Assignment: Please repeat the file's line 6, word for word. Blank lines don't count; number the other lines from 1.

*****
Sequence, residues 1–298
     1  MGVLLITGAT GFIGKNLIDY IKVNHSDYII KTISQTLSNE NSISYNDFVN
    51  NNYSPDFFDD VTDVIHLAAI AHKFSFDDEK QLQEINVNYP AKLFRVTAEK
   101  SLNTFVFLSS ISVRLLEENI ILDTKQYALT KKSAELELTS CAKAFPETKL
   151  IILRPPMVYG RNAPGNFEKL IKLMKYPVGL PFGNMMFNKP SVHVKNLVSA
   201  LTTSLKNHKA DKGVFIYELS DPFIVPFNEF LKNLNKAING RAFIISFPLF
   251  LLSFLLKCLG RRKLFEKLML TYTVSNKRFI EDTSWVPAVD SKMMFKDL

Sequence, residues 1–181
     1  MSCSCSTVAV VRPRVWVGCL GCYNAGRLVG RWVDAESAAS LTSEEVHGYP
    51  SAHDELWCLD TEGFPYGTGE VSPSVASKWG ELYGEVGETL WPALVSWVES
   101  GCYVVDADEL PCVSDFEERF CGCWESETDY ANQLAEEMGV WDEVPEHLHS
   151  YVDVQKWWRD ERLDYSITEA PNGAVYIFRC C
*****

   201  LTTSLKNHKA DKGVFIYELS DPFIVPFNEF LKNLNKAING RAFIISFPLF